Correction (1/12/18): the person speaking at the end of the above video is a teacher — Trillium middle school science teacher and Oregon School Employees Association chapter 161 Vice President Eric Bryant.
Documents reveal history of trouble at Trillium Charter School
Parents, staff and students at Trillium Charter School have complained loudly about their new Interim Executive Director Patrice Mays, but documents from Portland Public Schools reveal that the school has been in serious trouble for at least a few years.
"Serious compliance issues" led the district to write an addendum to the 2014-15 plan for Trillium that lists major problems with teacher qualifications, minimum instructional hour requirements and a lack of response from the then-executive director of the North Portland charter school, Kieran Connolly.
"In general, we have serious concerns about the leadership at Trillium," reads the unsigned and undated report from the district's charter school office. "Over the past several years, the ED (executive director) has become less communicative with our office, and at times appears unaware of fundamental regulations governing charter schools, such as hiring requirements, instructional hours requirements and reporting requirements."
PPS charter schools are currently overseen by Program Director Tara O'Neil, who has been in that position since August 2016, according to LinkedIn.
In addition, Connolly appeared to have made false statements to the district regulator about resolving the issues when an October 2015 site visit made clear that they had not been resolved. "This has resulted in a consistent pattern of non-compliance and unreliable communication," reads the report.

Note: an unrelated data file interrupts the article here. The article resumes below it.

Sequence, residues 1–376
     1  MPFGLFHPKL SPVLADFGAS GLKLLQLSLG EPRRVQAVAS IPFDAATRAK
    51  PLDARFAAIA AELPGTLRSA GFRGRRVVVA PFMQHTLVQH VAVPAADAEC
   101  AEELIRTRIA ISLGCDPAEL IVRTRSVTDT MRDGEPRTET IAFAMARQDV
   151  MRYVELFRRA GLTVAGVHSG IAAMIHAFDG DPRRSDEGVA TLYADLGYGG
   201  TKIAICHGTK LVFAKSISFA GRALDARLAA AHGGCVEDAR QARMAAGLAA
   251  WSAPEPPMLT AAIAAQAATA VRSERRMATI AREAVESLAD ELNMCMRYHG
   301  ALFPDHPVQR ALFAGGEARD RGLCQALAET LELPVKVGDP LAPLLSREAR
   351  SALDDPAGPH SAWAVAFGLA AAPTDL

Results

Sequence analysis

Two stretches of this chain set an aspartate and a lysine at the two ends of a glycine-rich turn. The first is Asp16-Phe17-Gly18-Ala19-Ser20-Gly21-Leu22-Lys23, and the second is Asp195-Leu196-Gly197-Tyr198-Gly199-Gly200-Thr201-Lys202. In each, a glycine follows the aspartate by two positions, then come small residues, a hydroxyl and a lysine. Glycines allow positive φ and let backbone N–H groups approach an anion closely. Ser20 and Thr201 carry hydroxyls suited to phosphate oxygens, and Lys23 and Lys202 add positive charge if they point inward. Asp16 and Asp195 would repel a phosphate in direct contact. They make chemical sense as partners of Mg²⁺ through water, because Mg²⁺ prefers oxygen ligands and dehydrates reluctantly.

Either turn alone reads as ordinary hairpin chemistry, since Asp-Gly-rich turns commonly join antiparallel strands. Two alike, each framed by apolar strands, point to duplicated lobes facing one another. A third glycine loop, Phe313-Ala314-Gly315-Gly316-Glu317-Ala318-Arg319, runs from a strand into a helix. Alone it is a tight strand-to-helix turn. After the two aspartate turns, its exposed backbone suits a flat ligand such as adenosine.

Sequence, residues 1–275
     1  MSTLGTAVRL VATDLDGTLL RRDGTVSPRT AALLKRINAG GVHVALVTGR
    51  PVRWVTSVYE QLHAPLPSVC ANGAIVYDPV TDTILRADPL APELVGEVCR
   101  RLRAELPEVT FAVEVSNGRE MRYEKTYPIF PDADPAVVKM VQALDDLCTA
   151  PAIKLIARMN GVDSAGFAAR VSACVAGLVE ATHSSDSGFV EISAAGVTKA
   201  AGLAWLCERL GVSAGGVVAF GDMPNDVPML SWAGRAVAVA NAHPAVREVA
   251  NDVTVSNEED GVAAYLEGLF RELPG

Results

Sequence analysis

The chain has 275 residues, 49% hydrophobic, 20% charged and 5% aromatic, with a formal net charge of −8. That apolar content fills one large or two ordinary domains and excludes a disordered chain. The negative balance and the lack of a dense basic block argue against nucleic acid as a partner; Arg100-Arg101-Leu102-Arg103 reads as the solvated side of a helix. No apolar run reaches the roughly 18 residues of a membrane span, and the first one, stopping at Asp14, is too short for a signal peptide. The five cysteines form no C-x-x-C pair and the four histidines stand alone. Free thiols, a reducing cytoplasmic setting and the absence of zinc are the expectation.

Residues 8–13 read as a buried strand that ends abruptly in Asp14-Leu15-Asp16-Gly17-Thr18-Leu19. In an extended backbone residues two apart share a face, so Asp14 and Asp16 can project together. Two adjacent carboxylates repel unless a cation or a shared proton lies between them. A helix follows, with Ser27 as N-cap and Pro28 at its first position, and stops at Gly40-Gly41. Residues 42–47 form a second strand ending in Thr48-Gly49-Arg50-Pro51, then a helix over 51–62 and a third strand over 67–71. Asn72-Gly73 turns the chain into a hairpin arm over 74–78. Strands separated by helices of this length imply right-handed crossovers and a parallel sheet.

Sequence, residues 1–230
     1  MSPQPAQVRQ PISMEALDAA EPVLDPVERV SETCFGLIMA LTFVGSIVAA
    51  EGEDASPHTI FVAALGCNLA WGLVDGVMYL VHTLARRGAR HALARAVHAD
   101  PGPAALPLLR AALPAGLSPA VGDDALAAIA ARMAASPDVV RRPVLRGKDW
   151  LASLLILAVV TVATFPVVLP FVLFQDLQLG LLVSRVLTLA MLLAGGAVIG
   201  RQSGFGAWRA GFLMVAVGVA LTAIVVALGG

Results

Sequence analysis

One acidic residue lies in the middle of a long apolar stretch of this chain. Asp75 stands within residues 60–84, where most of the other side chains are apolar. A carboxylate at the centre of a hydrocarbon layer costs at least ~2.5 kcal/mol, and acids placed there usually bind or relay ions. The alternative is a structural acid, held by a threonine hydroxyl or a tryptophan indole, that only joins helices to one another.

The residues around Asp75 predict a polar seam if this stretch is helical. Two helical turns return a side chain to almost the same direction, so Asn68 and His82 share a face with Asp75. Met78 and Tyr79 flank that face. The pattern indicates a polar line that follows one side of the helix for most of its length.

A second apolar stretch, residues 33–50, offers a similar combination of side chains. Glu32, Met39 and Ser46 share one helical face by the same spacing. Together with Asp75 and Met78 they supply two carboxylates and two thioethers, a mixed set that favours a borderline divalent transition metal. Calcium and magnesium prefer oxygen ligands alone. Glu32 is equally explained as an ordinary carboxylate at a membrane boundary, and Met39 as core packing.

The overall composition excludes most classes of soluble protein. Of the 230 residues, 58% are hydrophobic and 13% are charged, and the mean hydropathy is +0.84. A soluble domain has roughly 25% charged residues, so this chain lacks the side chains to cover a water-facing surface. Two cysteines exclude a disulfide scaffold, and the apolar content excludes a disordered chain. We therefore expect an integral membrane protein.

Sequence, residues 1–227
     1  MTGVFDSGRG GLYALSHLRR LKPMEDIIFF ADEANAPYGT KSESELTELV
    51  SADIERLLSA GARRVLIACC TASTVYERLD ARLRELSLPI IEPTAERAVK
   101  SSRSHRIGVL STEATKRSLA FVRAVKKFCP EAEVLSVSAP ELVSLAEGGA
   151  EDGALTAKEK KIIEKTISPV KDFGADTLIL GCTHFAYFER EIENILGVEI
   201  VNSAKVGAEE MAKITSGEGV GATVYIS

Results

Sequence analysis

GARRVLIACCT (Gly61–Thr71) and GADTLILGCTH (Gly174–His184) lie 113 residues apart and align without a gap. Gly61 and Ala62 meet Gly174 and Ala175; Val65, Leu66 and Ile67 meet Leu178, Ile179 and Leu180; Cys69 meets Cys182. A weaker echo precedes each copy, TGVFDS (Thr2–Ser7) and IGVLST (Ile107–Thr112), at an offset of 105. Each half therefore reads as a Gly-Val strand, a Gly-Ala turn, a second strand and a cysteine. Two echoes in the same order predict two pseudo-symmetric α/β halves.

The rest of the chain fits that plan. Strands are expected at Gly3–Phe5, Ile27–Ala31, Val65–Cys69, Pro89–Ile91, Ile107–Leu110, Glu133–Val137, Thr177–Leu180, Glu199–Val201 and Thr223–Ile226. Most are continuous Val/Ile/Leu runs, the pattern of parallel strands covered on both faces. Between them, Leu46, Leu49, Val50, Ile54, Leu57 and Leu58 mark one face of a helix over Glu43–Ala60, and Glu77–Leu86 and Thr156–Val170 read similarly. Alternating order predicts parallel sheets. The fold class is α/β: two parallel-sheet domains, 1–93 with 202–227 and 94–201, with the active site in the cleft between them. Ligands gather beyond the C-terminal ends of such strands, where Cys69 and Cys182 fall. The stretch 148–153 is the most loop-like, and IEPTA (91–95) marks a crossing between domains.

Some of the issues from the 2015-16 school year identified in the report:
In 2015-16, the executive director, who has since left, greatly improved communication with the district, according to that year's report.
By the 2016-17 draft report, finished last fall, many of the operational requirements had been met, except for an evaluation by the charter school board of the departed executive director.
A board member's perspective
Portland Public Schools board member Paul Anthony leads the district's charter schools committee. He says Trillium is not up for renewal or extension this year so the district is not expected to take any action on it.
"It does not look like the school board ... will have any decision to make about that this year," Anthony said. "We're in a difficult position," he continued, arguing that the district has the responsiblity but not the authority to manage charter schools. "There is not a whole lot of assistance that we can actually give a charter. If they want to talk, we can give advice."
Anthony said charters require a lot of community support.
"It takes so much personal energy," he said. "At what point can the community not sustain that?"
Please note: Trillium Charter School is a separate entity from Trillium Family Services, which operates a therapeutic school in Southeast Portland called Four Corners.